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The Band: Live at the Academy of Music 1971

Levon Helm: Ramble at the Ryman

The Band: Three of a Kind

Robbie Robertson: How to Become Clairvoyant

Garth Hudson Presents a Canadian Celebration of The Band

Levon Helm: Electric Dirt

Garth and Maud Hudson: Live at the Wolf

Pulse

Dirt Farmer

Elliot Landy's Woodstock Vision

Rick Danko Came to Party

Rick Danko - In Concert at The Paradise Theater, Tuesday


by Jim Sullivan

From the Boston Globe, October 9, 1980.
The text is copyrighted, please do not copy or redistribute.


"Is everybody getting enough to drink?" asked ex-Band bassist Rick Danko from the Paradise stage, concerned that, as the party's host, he might have neglected a few details.

No worry. Despite a small crowd, the spirits - alcoholic and otherwise - were flowing in abundance. Danko treated the Paradise as his living room and spent the evening playing songs to a few friends and walking the tightrope between seriousness and absurdity. He fell off on the absurd side more than a few times.

On stage and off, Danko is the Bill Murray of the rock world. His lopsided smile, his loopy comments (an exaggerated, mock-theatrical "We love you, Boston!") and his apparent disorientation quickly knock him off the rock star pedestal. But his looseness sometimes works against the music. In the moving ballad "It Makes No Difference," Danko couldn't help but interject a deadpan, "It's a long song" midway through. It distanced him (and us) from the emotional impact and muted its effect.

Inevitably, Danko's four-man group doesn't transmit the ensemble intensity or magic of the Band. Still, Danko's good-timey blues-rock works a low-key charm. The group functions smoothly, but leaves enough ragged edges - notably evidenced in Blondie Chaplin's stinging leads - to give the music bite. "Java Blues," J.J. Cale's "Crazy Mama" and Elvis' classic "Mystery Train" boasted intricate and exciting syncopation among Danko, Chaplin and keyboardist Howard Larava.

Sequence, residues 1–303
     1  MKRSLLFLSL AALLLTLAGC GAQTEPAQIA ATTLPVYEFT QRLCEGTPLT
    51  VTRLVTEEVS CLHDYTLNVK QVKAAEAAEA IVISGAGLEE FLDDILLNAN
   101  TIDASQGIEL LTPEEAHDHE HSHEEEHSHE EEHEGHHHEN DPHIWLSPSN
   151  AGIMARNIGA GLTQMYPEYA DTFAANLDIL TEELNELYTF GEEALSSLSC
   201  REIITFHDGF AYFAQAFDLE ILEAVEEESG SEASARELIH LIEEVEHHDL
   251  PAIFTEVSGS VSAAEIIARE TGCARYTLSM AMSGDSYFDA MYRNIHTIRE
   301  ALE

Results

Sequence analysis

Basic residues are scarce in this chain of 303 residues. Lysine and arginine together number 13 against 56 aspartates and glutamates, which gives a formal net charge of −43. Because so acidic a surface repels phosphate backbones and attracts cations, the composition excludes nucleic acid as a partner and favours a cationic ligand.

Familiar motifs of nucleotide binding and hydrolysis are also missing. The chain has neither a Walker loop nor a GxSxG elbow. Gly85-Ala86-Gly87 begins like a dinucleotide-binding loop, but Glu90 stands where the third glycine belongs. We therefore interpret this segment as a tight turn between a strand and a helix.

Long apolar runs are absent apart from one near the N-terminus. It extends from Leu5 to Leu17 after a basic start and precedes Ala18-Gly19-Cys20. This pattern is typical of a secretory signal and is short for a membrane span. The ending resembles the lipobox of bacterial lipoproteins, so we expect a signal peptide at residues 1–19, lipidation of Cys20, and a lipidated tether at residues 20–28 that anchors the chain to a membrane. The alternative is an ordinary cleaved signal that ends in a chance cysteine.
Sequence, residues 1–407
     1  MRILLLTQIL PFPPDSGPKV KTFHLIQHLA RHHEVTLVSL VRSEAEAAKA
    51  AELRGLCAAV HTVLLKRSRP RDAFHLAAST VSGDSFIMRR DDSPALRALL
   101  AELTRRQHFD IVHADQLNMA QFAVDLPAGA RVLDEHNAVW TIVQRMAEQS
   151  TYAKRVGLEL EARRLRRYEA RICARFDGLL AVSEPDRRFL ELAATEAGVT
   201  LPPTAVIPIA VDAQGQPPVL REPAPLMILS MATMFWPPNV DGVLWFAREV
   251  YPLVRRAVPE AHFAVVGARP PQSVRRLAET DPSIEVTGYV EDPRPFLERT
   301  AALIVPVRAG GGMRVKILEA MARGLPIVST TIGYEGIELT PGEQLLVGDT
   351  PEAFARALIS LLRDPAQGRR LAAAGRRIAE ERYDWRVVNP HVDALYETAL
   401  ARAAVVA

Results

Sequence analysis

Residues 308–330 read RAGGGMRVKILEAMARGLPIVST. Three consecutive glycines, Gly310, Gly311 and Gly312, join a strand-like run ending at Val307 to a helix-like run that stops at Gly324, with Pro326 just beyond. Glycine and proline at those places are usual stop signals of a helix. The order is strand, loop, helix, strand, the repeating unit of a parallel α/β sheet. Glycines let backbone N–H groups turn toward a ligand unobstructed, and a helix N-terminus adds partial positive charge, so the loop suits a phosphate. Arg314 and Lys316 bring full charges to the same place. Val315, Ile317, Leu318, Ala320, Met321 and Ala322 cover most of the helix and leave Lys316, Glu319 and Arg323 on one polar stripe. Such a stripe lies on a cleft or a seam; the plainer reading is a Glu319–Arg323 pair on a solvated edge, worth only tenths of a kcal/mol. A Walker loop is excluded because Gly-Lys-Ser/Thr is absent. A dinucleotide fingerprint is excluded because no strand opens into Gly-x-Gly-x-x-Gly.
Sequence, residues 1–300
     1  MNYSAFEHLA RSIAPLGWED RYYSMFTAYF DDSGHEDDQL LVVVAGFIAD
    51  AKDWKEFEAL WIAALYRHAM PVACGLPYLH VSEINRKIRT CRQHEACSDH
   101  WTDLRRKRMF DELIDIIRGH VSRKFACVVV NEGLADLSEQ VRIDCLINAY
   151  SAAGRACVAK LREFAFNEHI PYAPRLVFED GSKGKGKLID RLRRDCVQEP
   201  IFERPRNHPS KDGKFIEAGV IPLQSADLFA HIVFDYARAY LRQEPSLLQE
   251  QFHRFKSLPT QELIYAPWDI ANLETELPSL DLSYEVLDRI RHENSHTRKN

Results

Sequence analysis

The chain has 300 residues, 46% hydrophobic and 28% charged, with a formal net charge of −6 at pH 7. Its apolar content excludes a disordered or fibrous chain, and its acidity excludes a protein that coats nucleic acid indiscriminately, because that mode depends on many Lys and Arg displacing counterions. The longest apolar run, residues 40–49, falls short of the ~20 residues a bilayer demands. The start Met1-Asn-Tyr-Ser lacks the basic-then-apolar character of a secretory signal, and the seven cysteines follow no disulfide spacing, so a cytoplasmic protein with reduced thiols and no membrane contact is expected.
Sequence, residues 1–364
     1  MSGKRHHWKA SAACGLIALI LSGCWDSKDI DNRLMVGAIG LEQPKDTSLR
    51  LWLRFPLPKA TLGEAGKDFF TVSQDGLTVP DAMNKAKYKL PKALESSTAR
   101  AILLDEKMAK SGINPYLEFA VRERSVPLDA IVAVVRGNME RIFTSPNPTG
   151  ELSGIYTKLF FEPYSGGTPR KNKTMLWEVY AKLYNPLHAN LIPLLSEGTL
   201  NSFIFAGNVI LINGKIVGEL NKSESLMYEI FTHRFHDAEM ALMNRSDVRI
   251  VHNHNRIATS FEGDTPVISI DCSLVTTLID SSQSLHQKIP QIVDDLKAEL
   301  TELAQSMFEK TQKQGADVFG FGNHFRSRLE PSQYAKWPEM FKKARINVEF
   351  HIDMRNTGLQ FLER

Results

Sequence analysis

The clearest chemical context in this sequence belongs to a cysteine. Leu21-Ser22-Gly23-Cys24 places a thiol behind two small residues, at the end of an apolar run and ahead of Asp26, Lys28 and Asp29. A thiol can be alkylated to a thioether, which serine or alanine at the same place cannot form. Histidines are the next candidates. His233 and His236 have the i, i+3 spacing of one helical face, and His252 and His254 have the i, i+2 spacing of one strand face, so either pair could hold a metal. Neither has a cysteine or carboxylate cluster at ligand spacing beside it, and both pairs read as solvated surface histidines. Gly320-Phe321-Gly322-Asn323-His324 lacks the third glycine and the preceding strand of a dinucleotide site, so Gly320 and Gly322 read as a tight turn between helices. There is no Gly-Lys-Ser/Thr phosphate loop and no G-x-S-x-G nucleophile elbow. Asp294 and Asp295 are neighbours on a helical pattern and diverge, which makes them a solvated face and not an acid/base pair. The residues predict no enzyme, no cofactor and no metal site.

Danko is a man of complex, sometimes contradictory, impulses. Backstage after the show, he flits from one topic to another like a slightly crazed honeybee. As he downs beers, he pontificates about alcoholism: "An unsuccessful alcoholic doesn't have any fun; a successful alcoholic looks forward to not having any fun." Later, Danko unflinchingly lets a flame from his cigarette lighter lick his outstretched palm.

Former Band members Levon Helm and Robbie Robertson are acting in movies. How about Danko, who hasn't made an album in several years? Any interest in film? He says he's been in two. "I'm a star in one and a big distraction in the other," he says, refusing to name them because of "karma."

Danko is asked about the Band's "The Last Waltz," their majestic swan-song concert which was made into a film by Martin Scorcese. Danko calls it "a desperation move."

The Band itself? "We will make another record very soon," he says, "and I mean very soon." Touring? "I don't think we'll ever tour again," although he wryly notes, "Every eight years the Band gets together to play with Bob Dylan." (True, they joined forces for tours in 1965 and 1973.)

"I am Bob Dylan's friend," pronounces Danko with mock pomposity. Then, in a childlike voice, he sings, "I know Bob, I know Bob," before stating he respects Dylan's new-found vocal conviction.

"I have come to party, and this is but the first stage of what a good time can be," Danko declared to no one in particular. Later, he collected the leftover beer in a plastic trash bag and hauled it off with him to a new frontier.


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